It never ceases to amaze me how much can change in just a few years. It seems that recently, new technology, new fashion trends, and new slang appear more rapidly than ever. Not only that, but new stars pop up on the regular, thanks to social media; through Instagram, Twitter, or Tumblr, someone can go from being relatively unknown to being the next big thing. However, in Jennifer Lawrence’s case, you can go from being the Internet’s golden girl to their most criticized woman over the span of just a few days. I’m always a little hesitant to judge someone based on one or two hyper-analyzed statements, and more than once, I’ve given Jennifer Lawrence the benefit of the doubt. I have no idea what it’s like to have every one of my opinions and comments scrutinized by the media, and more often than not, by random people online. Lawrence is just a young twenty-something catapulted into the spotlight; she is extremely talented, and her expedient rise to fame had to have been difficult for her to process. But after Sunday’s Golden Globes, my respect for J-Law’s public persona has finally reached its breaking point.
It’s a little harsh to completely criticize every little thing that has ever come from the young actress’s mouth, unscripted – I don’t think that’s very fair. However, there have been multiple cases that exhibit J-Law’s somewhat questionable behavior. The starlet has often been praised for her unabashed and uncensored interviews, her vibrant personality, and her fearless sense of self. I admire a woman who feels confident enough to be nobody but herself, relentlessly. And a few years ago, just after the first of the Hunger Games films, I thought Jennifer Lawrence was brilliant, witty, hilarious, and an excellent role model. ‘Hollywood needs more women like her,’ I would think to myself after watching Lawrence joke on countless red carpets and witnessing her iconic Oscars fall.
But lately, my admiration for Jennifer Lawrence has started to falter. First it was her stunningly inaccurate means of portraying body positivity to the public. For years, Lawrence has been known for making statements regarding her body, and how it is unusual by Hollywood’s standards. This could not be less true, however, as Lawrence is a white, conventionally beautiful woman with a thin physique. She is not obese, and she is not average – no matter how many times she claims to be different, she is very much the epitome of Hollywood beauty standards. (Side note, being strong/muscular is not the same as being obese. Jennifer is curvy, yes, but still very thin.)
Next it was her overblown friendship with comedian Amy Schumer. The latter is notorious for her crass and “feminist” comedy, and the two women combined are an unstoppable storm of white-feminism and misandry. It seems like every day there is another story about how awesome and quirky and normal the two are, while they attend awards shows and make inappropriate, self-deprecating comments. They are pictured as the “every women” of Hollywood, but they both give off an air of entitlement. Unfortunately, the media chooses to praise the women (#SquadGoals, anyone?) rather than encourage intelligent conversation regarding the problematic behavior of both actresses. Don’t get me wrong, self-confidence and wit are admirable traits that the media hardly elects to portray in famous women, and it’s about time we have some women like that to look up to. But the way these women twist views of feminism and attempt to be genuine about their quote-unquote awkwardness is actually dangerous for their young female fans.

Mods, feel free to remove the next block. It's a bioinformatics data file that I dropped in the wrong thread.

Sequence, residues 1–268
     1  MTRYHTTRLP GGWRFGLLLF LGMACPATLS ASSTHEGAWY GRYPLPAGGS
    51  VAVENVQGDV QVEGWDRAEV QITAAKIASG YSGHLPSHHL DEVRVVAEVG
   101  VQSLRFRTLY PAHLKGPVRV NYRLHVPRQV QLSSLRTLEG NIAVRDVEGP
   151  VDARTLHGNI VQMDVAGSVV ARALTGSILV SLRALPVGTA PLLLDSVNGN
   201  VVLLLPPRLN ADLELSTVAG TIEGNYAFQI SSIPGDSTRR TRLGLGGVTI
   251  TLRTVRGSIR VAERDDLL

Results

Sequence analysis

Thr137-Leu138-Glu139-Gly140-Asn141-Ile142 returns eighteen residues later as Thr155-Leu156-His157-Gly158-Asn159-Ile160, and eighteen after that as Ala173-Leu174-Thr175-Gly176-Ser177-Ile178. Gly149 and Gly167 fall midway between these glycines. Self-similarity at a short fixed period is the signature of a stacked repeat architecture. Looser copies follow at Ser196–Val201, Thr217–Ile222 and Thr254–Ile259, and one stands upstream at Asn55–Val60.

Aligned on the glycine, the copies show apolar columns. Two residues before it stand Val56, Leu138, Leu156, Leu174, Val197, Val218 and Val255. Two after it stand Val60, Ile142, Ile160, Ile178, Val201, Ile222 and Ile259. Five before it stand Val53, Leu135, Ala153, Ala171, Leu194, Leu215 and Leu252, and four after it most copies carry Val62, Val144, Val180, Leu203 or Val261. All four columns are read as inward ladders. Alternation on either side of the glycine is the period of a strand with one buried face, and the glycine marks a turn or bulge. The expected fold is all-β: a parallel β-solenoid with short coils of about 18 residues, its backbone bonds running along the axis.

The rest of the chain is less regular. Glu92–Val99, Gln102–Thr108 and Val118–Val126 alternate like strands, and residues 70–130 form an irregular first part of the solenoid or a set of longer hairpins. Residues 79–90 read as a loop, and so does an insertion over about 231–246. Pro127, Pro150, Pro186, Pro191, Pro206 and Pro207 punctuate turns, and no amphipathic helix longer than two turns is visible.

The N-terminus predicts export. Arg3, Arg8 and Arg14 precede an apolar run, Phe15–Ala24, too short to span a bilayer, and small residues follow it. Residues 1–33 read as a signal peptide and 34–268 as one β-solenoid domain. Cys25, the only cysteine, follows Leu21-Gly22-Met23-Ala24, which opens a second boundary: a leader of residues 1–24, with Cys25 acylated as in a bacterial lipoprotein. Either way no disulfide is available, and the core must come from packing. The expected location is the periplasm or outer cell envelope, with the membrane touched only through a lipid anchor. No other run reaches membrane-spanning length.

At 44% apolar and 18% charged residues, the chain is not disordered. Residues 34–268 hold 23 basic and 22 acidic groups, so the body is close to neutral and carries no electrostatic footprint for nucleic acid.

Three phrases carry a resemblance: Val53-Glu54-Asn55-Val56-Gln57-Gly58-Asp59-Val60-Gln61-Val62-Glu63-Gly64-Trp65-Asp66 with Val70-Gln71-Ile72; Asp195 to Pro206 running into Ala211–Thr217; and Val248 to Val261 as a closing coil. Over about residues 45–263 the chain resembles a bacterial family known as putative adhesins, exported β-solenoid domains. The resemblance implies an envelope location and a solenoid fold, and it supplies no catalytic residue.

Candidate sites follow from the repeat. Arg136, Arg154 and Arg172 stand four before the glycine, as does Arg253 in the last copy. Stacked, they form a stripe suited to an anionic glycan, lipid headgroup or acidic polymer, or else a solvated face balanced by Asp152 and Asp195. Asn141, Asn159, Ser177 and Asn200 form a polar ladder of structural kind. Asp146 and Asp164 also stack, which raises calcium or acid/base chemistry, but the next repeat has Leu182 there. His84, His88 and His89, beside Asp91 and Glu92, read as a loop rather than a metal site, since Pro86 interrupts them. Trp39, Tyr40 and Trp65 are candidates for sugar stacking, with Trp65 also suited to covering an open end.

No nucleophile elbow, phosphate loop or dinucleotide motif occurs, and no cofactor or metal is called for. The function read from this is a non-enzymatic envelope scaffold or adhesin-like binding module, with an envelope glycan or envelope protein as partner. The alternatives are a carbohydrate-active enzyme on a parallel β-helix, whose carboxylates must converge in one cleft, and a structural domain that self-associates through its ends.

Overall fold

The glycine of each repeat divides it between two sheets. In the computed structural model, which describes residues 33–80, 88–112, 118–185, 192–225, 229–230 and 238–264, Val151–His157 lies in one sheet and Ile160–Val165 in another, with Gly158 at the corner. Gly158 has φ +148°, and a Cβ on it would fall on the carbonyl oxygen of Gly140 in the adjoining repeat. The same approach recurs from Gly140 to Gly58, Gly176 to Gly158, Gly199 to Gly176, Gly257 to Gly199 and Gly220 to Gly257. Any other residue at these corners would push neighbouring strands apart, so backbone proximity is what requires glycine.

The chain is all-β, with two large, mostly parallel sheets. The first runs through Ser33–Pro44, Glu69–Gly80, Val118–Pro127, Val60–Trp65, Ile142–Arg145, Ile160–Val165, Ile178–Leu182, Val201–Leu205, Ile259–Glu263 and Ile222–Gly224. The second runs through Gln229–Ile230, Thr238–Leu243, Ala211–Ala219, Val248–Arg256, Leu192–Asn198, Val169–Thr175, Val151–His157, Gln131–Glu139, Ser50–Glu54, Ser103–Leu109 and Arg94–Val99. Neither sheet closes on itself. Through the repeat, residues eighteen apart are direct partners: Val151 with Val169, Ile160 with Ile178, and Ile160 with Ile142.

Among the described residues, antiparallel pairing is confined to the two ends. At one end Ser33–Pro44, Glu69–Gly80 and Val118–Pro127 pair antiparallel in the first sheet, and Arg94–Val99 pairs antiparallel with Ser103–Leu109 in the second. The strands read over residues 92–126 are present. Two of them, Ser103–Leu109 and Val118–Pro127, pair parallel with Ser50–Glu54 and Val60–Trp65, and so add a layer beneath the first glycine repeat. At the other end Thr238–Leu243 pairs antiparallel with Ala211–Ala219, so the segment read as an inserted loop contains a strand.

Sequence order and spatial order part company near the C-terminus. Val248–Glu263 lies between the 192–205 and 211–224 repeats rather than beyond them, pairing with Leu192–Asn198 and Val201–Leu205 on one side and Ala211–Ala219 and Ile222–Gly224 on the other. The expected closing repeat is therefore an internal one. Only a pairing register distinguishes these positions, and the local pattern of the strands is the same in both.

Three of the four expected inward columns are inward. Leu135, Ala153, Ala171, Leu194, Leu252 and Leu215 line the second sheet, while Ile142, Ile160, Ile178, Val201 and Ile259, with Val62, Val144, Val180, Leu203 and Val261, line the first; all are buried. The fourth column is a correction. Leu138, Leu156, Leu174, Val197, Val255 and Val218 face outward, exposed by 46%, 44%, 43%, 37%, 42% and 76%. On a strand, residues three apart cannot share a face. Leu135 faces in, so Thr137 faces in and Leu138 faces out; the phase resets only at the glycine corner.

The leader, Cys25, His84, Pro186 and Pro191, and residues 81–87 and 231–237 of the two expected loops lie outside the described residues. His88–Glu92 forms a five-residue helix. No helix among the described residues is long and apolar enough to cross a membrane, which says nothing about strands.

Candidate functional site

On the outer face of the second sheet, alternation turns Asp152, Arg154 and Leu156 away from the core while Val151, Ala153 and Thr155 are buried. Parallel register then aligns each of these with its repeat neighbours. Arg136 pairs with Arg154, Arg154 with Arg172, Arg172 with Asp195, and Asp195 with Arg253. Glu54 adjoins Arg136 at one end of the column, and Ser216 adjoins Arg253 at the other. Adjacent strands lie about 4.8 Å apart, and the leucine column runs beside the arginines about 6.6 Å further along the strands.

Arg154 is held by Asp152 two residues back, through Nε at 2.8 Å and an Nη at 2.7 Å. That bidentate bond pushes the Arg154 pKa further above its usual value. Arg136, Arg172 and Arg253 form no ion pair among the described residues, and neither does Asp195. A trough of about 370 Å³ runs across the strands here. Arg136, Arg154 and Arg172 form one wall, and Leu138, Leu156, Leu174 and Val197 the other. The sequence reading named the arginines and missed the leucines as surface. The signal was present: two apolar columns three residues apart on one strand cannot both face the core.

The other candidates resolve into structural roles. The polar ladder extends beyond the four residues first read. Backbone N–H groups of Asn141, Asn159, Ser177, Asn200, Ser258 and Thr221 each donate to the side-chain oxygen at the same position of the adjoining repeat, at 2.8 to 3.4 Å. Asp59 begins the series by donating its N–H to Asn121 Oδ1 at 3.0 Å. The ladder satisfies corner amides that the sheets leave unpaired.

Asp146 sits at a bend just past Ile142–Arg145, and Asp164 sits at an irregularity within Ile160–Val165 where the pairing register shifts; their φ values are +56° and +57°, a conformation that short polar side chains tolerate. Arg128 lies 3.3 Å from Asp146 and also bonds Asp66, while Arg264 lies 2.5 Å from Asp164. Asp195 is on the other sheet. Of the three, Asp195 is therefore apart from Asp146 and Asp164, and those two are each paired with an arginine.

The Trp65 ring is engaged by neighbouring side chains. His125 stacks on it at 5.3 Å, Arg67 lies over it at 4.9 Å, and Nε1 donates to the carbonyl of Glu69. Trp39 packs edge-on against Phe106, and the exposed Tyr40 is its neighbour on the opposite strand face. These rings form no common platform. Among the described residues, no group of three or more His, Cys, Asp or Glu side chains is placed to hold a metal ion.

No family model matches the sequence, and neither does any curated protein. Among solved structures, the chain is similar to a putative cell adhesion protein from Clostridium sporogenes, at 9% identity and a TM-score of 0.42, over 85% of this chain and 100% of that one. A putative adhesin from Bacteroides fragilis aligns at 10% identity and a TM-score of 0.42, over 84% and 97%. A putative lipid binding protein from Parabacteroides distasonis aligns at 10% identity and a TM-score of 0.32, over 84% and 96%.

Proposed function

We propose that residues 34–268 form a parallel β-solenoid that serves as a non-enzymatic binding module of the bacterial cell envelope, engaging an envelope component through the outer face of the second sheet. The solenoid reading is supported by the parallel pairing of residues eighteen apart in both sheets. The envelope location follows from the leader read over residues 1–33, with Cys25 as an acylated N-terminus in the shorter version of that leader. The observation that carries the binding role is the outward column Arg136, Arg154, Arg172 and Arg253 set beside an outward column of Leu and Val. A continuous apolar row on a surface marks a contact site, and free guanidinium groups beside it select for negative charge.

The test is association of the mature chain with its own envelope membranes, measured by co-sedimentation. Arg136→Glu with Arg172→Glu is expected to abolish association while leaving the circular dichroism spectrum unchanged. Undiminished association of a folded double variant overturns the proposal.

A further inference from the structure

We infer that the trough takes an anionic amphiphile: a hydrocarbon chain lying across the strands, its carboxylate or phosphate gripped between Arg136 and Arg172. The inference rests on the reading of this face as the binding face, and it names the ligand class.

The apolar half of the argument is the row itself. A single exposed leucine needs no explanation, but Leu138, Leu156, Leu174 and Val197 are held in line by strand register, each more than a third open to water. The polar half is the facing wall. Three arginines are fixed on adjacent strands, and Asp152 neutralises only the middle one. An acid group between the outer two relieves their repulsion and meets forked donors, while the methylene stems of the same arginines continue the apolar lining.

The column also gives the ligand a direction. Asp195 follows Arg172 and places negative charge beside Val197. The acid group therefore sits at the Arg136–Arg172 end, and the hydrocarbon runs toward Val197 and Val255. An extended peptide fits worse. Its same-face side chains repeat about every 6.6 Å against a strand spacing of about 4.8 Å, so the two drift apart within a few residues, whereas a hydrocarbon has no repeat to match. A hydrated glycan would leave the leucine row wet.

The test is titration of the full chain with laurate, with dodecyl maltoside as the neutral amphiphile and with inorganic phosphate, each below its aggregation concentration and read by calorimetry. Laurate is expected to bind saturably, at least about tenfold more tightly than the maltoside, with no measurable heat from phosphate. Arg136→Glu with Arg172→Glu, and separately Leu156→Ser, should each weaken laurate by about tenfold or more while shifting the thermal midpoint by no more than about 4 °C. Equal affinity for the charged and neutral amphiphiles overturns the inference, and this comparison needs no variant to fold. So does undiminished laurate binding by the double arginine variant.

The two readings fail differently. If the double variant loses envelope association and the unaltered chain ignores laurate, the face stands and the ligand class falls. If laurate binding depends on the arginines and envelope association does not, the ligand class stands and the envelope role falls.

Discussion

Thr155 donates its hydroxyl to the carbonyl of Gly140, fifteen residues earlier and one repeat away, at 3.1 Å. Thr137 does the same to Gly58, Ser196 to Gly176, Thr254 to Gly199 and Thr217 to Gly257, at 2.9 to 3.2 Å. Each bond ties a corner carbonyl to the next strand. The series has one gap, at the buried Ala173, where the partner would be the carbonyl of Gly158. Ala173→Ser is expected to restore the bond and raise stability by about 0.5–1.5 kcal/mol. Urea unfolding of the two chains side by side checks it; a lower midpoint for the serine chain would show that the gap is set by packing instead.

But overall, the most disappointing of Lawrence’s actions occurred just this Sunday at the annual Golden Globes awards in Los Angeles. As many have probably seen already, Jennifer Lawrence scolded a reporter for using his phone during her post-award press conference. The Best Actress – Comedy or Musical winner felt the reporter was being rude to her and was entitled enough to tell him “We’re at the Golden Globes. If you put your phone down, you would know that.” Yikes. This is not quirky or cute or witty in any way. This is not behavior we should be commending or condoning. This is the type of comment that deserves the public outcry it has received, especially since said reporter was using his phone to translate questions, as English was not his first language.
Jennifer Lawrence is an exceptional actress and I have a great admiration for her craft (Silver Linings Playbook is one of my all-time favorite films). But the sense of entitlement and utter disrespect for others she exudes in interviews and public appearances is exactly the opposite of what women need right now. Women need to see other women in media who are strong and confident, yes, but not in such a way that it alienates them from fans and viewers. I used to feel a sense of pride when I saw Jennifer Lawrence do something unconventional or speak her mind, but now I get the feeling that she knows she is part of this elite club that I will never be able to join. I feel like she believes she is entitled to a life much more important than mine, and I feel inferior when I see photos of her vacations and wild nights out. This is not the behavior of a role model and this is not the behavior of a woman who is looking out for the best interests of other women. Jennifer Lawrence is one of the most recognized names in media today, but she is not using her platform in a constructive way. If we keep labeling this type of entitled, brash behavior as “quirky” and “cute,” we may be leading younger generations of women astray.